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Black Muslim Leader Extols Hitler

April 13, 1984
See Original Daily Bulletin From This Date

Controversy boiled anew today over Black Muslim leader Louis Farrakhan, a leading supporter of Rev. Jesse Jackson, who confirmed that he had acclaimed Hitler as a “very great man” who “rose Germany up from nothing.”

Farrakhan, who heads the Nation of Islam group, offered his assessment of the Fuhrer in a March II nationwide radio broadcast. It was largely overlooked then because in the same broadcast he urged Blacks to ostracize a Black reporter, Milton Coleman, who disclosed in The Washington Post that Jackson had referred to Jews as “Hymies” and to New York City as “Hymietown.”


In his March II broadcast, the Chicago Tribune quoted Farrakhan as saying: “Here, the Jews don’t like Farrakhan, so they call him Hitler. Well, that’s a good name. Hitler was a very great man. He wasn’t great for me as a Black person, but he was a great German, and he rose Germany up from the ashes of her defeat by the united force of Europe and America after the first world war.

“Now, I’m not proud of Hitler’s evils against the Jewish people. But that’s a matter of record. He rose Germany up from nothing. Well, in a sense you could say there’s a similarity in that we’re rising our people up from nothing. But don’t compare me with your wicked killers.”

Subsequent threats against Jews if they harmed Jackson and against the physical safety of Coleman and his family, propelled Farrakhan into national prominence because of his close association with Jackson’s campaign for the Democratic Presidential nominetion. Jackson has dissociated himself from Farrakhan’s remarks but has refused to reject his support.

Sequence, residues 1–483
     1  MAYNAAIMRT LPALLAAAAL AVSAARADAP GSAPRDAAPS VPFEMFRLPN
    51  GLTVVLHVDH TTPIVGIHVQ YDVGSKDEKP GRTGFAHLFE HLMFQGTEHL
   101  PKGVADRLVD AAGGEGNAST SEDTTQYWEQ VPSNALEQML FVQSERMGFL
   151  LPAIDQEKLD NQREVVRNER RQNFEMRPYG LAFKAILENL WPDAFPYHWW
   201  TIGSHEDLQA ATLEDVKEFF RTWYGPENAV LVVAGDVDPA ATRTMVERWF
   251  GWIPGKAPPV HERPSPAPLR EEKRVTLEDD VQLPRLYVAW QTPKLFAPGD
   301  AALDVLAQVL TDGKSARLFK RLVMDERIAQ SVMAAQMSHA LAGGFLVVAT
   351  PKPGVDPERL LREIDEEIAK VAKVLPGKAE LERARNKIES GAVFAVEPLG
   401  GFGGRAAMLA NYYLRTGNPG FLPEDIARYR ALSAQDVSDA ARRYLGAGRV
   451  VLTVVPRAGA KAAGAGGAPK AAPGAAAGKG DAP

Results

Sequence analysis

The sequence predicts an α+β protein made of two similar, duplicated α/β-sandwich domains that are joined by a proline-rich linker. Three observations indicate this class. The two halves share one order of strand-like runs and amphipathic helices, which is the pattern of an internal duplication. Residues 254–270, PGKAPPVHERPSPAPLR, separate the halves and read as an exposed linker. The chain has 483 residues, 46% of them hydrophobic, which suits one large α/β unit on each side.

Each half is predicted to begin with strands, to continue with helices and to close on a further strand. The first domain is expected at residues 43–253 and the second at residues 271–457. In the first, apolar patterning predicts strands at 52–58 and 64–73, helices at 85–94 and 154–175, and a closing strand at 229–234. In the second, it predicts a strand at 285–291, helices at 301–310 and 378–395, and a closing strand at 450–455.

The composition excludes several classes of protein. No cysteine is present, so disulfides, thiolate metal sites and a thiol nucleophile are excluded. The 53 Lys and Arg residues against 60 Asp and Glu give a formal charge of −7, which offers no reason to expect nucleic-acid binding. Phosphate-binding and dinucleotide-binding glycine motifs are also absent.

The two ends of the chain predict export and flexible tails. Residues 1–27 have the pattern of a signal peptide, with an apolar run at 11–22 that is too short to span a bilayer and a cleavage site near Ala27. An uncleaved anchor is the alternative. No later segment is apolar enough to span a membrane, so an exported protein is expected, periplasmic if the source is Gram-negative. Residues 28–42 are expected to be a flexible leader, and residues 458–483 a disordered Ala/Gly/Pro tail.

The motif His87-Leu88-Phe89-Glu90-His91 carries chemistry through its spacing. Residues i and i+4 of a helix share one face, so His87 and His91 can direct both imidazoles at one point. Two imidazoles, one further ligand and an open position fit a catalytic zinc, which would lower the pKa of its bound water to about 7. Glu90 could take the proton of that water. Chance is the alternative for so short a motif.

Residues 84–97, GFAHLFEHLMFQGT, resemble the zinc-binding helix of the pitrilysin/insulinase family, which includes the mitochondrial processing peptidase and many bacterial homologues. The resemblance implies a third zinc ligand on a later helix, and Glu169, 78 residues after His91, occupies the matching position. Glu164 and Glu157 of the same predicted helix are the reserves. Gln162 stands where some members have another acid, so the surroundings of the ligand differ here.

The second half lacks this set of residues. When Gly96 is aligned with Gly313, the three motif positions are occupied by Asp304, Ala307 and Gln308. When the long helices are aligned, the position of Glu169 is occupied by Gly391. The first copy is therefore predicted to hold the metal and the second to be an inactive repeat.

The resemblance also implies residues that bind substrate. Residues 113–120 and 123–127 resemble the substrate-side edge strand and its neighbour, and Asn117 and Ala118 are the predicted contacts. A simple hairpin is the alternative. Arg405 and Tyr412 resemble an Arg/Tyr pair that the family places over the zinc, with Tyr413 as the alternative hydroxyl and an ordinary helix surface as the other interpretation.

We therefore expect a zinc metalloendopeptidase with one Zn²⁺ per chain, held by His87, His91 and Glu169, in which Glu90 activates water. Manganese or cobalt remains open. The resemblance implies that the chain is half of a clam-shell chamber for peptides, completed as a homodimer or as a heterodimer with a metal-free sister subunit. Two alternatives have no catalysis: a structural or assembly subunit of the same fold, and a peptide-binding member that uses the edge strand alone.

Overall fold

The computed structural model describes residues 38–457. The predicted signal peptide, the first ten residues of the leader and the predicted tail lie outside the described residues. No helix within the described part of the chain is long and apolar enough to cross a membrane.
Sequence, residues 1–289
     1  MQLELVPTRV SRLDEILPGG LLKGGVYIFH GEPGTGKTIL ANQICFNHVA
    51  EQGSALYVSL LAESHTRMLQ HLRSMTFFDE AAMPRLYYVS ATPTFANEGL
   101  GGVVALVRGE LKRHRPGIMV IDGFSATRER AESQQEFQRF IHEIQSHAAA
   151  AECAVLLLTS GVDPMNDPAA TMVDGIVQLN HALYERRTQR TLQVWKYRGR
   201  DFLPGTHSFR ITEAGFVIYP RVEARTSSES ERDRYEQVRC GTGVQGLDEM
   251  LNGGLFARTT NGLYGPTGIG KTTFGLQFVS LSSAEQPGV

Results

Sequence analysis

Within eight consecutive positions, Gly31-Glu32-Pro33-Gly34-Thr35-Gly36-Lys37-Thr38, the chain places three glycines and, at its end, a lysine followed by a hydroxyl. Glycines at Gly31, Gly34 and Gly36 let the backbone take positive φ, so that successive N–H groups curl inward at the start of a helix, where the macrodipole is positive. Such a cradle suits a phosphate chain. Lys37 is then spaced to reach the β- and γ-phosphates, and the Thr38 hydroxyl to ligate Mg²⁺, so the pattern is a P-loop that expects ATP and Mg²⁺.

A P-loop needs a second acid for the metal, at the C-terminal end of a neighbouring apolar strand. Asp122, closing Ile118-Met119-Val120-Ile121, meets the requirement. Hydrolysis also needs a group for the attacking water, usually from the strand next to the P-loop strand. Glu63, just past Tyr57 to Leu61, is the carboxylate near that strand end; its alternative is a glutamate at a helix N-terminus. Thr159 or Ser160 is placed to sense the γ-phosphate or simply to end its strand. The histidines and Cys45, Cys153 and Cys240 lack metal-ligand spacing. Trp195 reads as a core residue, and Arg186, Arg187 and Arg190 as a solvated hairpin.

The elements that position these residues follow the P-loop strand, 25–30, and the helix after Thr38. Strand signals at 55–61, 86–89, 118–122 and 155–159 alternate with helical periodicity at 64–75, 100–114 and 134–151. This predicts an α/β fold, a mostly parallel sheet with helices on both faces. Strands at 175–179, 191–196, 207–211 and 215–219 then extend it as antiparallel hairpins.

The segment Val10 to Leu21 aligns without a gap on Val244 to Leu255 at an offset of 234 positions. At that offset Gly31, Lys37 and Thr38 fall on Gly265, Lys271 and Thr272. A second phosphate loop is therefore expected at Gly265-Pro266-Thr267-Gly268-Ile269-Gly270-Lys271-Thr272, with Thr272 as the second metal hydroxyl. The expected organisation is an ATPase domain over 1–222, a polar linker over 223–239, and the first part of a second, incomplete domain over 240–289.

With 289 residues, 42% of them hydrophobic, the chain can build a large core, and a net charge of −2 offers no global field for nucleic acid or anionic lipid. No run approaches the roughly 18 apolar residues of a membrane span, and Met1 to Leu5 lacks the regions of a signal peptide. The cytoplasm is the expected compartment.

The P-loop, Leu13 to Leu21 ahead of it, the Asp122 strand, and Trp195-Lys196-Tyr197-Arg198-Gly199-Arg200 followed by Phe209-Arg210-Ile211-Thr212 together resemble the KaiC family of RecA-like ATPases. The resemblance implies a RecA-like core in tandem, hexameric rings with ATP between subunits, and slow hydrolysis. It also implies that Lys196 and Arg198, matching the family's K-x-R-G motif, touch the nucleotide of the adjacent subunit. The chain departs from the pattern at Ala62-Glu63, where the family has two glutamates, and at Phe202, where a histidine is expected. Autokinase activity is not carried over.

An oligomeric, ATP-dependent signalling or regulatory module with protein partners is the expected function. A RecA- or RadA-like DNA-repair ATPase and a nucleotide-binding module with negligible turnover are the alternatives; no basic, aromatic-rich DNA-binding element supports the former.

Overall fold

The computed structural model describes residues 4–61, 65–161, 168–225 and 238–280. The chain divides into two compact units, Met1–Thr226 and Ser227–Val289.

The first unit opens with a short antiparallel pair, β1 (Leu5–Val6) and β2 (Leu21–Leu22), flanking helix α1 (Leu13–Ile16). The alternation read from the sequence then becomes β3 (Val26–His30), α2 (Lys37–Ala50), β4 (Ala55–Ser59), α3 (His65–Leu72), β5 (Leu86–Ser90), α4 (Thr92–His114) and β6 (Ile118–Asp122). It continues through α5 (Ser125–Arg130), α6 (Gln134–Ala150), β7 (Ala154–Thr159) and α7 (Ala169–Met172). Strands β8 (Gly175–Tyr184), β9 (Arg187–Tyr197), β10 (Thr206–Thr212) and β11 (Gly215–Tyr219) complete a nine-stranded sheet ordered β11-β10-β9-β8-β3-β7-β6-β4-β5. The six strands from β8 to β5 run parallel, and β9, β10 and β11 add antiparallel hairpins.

Two Jewish leaders denounced the Black Muslim leader today for extolling Hitler and urged Jackson again to repudiate Farrakhan. Rabbi Alexander Schindler, president of the Union of American Hebrew Congregations, said, “Mr. Farrakhan has placed a storm cloud over Jesse Jackson’s rainbow coalition, and the result is a dark and deeply disturbing shadow over the American political scene.”

Schindier added, “I pray that Rev. Jackson will use this latest wild and irresponsible statement by his supporter, Louis Farrakhan to at last publicly dissociate himself from Mr. Farrakhan and the dangerous demagogy he represents.”

Julius Berman, chairman of the Conference of Presidents of Major American Jewish Organizations, said: “If Mr. Farrakhan plans to do for the Black people what Hitler did for the German people, he is an even greater menace to our country, to American Blacks and to the cause of racial justice and racial amity than he has already shown himself to be.

“Calling Hitler a ‘great man’ — even ‘wickedly great’ — is simply obscene. The sooner Black leaders and especially Jesse Jackson repudiate Mr. Farrakhan and his kind of thinking, the better off all Americans will be.” Farrakhan, at a press conference here yesterday, accused the media of distorting his remarks but insisted that Hitler could be called “great” in the context of history. “I don’t think you would be talking about Adolf Hitler 40 years after the fact if he was some miniscule crackpot that jumped up on the European continent. He was, indeed, a great man, but also wicked. Wickedly great,” Farrakhan said.

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